It’s been a busy couple weeks, but let me catch you up in one area:
My sister and her family’s visit to The Shack. It was their kids’ Spring Break and the rest of the kids in their classes were off to beaches or other exotic places. I wish I were a fly on the wall when E told her classmates that she traipsed across the midwest to stay at a mobile home in Arkansas.
She’s still too young to leave out specific details like that.
So, what to do?
How about a picnic? The weather in early March was beautiful.
I threw some blankets and pillows down, set up an unused door as the table, and then got to work…
…but not without helpers.
The menu was extremely fancy: Peanut Butter & Nutella sandwiches, apples, popcorn, and trail mix.
Pretty sure E’s friends were eating the same delicacies.
Well, we tried though, making them special by wrapping them in wax paper & ribbon.
Others were relaxing while we put on the finishing touches.
Entertainment in the form of poetry was performed.
But that’s not all we did, even though I would’ve been happy with laying around in the sun.
The night they arrived, I mentioned to the kids that I had an activity for them to do. They immediately decided we were going to milk a cow.
And I immediately decided to never let a kid guess what we’re going to do again. I suggested they lower their standards a teeny bit and guess again, but they were determined to milk that cow.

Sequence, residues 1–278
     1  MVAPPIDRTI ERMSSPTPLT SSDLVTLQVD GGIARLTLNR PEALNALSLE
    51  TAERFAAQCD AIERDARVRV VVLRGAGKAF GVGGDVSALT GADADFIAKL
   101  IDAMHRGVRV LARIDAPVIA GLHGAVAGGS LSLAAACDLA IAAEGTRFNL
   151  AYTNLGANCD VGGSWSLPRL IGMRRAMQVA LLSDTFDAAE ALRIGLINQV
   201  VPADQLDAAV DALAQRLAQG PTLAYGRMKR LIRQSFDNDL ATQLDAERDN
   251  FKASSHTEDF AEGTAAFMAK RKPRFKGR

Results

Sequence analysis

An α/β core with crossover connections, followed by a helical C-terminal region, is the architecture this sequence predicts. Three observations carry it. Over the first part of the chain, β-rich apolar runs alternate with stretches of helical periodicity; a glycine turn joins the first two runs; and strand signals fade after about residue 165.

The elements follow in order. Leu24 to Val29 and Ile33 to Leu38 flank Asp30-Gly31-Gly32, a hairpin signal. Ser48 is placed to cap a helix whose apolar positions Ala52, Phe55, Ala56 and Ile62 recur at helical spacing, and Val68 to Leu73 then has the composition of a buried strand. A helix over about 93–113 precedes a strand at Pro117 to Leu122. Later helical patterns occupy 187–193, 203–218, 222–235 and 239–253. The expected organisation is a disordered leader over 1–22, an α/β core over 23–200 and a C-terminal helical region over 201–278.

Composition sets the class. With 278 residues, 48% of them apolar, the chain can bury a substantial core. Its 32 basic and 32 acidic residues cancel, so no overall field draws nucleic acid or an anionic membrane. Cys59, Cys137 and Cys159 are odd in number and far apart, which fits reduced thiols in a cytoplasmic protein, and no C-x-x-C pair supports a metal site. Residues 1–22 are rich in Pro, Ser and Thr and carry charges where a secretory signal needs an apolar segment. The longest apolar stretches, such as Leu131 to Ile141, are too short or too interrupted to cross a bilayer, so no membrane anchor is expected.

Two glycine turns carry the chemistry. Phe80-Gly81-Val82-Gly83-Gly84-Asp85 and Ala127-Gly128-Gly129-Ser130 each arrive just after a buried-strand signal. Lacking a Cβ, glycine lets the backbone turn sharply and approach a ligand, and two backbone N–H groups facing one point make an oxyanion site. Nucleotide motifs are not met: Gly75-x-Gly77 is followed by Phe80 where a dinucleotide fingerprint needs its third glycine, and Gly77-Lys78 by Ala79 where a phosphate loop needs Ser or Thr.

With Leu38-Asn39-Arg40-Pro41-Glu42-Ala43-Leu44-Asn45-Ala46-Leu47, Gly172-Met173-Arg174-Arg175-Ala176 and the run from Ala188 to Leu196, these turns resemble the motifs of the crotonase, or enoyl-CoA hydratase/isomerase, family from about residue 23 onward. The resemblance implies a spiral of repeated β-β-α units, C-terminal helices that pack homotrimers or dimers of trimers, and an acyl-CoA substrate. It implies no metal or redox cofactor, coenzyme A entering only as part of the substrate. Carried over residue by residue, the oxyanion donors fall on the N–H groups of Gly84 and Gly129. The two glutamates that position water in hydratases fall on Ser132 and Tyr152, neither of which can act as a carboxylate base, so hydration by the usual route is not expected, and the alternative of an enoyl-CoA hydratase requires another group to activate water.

So I waited until the last possible second to tell them we were only going on a mini-scavenger hunt around The Shack’s back roads.
Before doing so, I pulled ten year old W to the side and assured him that I knew this was too young of a game for him, but to just play along.
Actually, R asked me to do that.
He said that W would appreciate the nod towards his emerging maturity, even if it were something he would have liked anyway. And heck if I know what a young boy likes, so I followed R’s instructions to a T.
Halfway through the hunt, we stopped to take photos with our neighbors. They’re the only neighbors that wave at us. Usually it’s just to flick flies away with their tail, but we’ll take what we can get.
After the hunt, newspapers were read…
…the adults stayed up late around the chiminea after the kids went to bed, chit-chatted over a couple bottles of wine, and laughed at past dates gone wrong. I could share the story of my sister getting her legs hooked into a bar stool and falling over in the middle of one, but I don’t want to embarrass her.
It did make me double over and cry, though.
Then Woody Allen was read some stories.
Wait, that’s Ruth.
Oh well, I do like his movies even though he’s weird.
…and even more lounging was done before they left. It was quick trip and went by even quicker once they arrived. But it was a lot of fun. I do enjoy a slumber party.
And I highly doubt any of E’s friends discussed how cow chips were used on the Oregon trail.
But that’s okay. I’m proud of those cow chips.
And regular chips too.
Now I’m hungry and about to make my own scavenger hunt… in the fridge for food.
What else is new.
What kind of camera do you have? Better than mine, obviously.
I love your blogs, and I totally support your idea of living in a shack to pay off bills. Some years ago friends of mine lived in a ‘wobbly box’ to save for a house. Now they have a really nice place but the kids are grown. I have a large house too (notice I didn’t say it’s really nice) and just lately I’ve been thinking of a shack out in the country.
Until then, I’ll just keep up with how you’re doing.
Ah, thanks for the support! Ever since ‘coming out’ about my digs, I’ve been more content then ever.
A little extra room would be nice, though. 🙂
My camera is a Nikon D3100. And so you know how much I know about it, I almost called it a Nissan. I really need to take a class.